At about 8.00 p.m., the families began hearing strange and unexplained noises outside. The Sutton family dog which was in the yard outside began barking loudly and then hid under the house, where it remained until the next day. Going outside a few minutes later with their guns, Billy Ray Taylor and Elmer "Lucky" Sutton then asserted that they saw a strange creature emerge from the nearby trees. Jerome Clark describes the creature as:
- "a luminous, three-and-a-half-foot-tall being with an oversized head, big, floppy, pointed ears, glowing eyes, and hands with talons at their ends. The figure, either made of or simply dressed in silvery metal, had its hands raised."
Disquieted by the creature's bizarre appearance, the pair were further unnerved when it began rushing towards the house holding its hands up in the air, which the men took as threatening behavior. When the creature approached to within about 20 feet, the two men became scared of a home invasion and began shooting at it, one using a shotgun, the other man using a .22 Rifle. There was a noise "sounding like bullets being rattled about in a metal drum", and the creature, they said, then flipped over and fled into the darkness and shadows. Sure that they had wounded the creature, Lucky and Billy Ray went out to look for it. Hendry writes that as the men were stepping from the porch, "a taloned hand reached down from above and began grasping at their hair." They again shot at the creature—it was perched on an awning over the porch—and it was knocked from the roof. Again they heard the rattling noise, although the creature was apparently unharmed.
In a later televised interview, one of the grown up children would claim that, as well as "floating" above the ground instead of walking, the creatures "stuck to the side of the house in the way a spider could".
Lucky and Billy Ray returned to the house in a disturbed state. Within minutes, Lucky's brother J. C. Sutton said that he saw the same creature (or at least a similar creature) peer into a window in the home; J. C. and Billy Ray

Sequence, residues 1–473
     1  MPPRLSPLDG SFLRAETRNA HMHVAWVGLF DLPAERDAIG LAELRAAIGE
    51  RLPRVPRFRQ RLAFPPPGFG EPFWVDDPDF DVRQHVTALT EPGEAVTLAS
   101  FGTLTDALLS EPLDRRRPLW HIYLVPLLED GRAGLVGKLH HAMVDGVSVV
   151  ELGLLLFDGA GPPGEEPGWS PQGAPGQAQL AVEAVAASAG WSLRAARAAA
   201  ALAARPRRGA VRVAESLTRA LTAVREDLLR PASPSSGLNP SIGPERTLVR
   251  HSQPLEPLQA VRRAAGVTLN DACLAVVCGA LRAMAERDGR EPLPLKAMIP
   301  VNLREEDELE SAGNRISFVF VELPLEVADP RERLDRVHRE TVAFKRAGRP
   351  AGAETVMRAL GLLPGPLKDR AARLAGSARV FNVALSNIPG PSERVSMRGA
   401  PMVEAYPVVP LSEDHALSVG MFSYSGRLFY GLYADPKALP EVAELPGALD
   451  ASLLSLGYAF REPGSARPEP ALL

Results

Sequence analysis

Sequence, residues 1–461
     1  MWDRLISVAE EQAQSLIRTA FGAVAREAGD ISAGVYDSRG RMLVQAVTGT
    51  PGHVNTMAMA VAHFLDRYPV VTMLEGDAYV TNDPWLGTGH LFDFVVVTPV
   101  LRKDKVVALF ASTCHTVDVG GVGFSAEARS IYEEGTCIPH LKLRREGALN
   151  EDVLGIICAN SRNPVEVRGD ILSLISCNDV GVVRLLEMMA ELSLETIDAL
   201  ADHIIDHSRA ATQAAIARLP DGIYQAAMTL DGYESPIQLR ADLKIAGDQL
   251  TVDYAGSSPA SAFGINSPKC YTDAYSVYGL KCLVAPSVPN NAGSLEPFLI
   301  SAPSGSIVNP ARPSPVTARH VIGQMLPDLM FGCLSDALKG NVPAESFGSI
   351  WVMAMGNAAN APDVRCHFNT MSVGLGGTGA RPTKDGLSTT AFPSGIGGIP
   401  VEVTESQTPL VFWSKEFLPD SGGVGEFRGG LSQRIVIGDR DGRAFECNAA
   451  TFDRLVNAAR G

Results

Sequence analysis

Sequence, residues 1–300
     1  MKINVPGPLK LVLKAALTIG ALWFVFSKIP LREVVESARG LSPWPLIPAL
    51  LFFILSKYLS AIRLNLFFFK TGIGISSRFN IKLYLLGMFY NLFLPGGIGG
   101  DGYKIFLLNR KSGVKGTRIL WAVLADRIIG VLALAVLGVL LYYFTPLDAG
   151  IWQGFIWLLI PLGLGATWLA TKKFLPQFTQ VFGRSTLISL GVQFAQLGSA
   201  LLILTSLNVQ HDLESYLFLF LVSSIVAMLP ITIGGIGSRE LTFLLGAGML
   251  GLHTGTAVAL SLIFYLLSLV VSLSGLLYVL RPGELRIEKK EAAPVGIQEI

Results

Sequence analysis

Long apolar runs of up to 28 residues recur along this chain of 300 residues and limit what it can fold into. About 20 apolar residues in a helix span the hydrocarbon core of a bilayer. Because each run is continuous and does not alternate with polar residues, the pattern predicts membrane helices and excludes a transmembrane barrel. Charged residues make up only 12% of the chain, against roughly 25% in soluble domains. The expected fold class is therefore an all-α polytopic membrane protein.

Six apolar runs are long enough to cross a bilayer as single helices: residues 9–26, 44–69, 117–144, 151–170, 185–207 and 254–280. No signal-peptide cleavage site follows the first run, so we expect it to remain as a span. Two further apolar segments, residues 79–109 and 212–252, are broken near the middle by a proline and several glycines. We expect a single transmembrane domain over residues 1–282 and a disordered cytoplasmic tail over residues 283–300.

shot at it, breaking the window, whereupon it too flipped over and fled. The creatures could be heard loudly scurrying about on the roof, and scratching as though trying to break through. For the next few hours, the witnesses would assert that the creatures repeatedly approached the home, either popping up at the doorway or at windows in an almost playful manner, only to be shot at each time they did. The witnesses were unsure as to how many of the creatures that there were; at least two, as two were seen at once, but there may have been as many as fifteen. At one point the witnesses shot one of the beings nearly point blank, and again would insist that the sound resembled bullets striking a metal bucket. The floating creatures' legs seemed to be atrophied and nearly useless, and they appeared to propel themselves with a curious hip-swaying motion, steering with their arms. Clark writes that "if the creatures were in a tree or on the roof when hit [by gunfire], they would float, not fall, to the ground."
Not all of the eleven actually claimed to have seen the creatures; June Taylor was too frightened to look, and Lonnie Lankford, and his brother and sister were hiding out of fear during the encounter. However this still left seven witnesses to the creatures in the farmhouse, and all present in the house had seen strange lights or heard the strange noises the creatures made.
There might have been partial corroboration of the Taylor-Sutton tale: at about 11 p.m., a state highway trooper near Kelly independently reported some unusual "meteor-like objects" flying overhead, "with a sound like gunfire coming directly from them."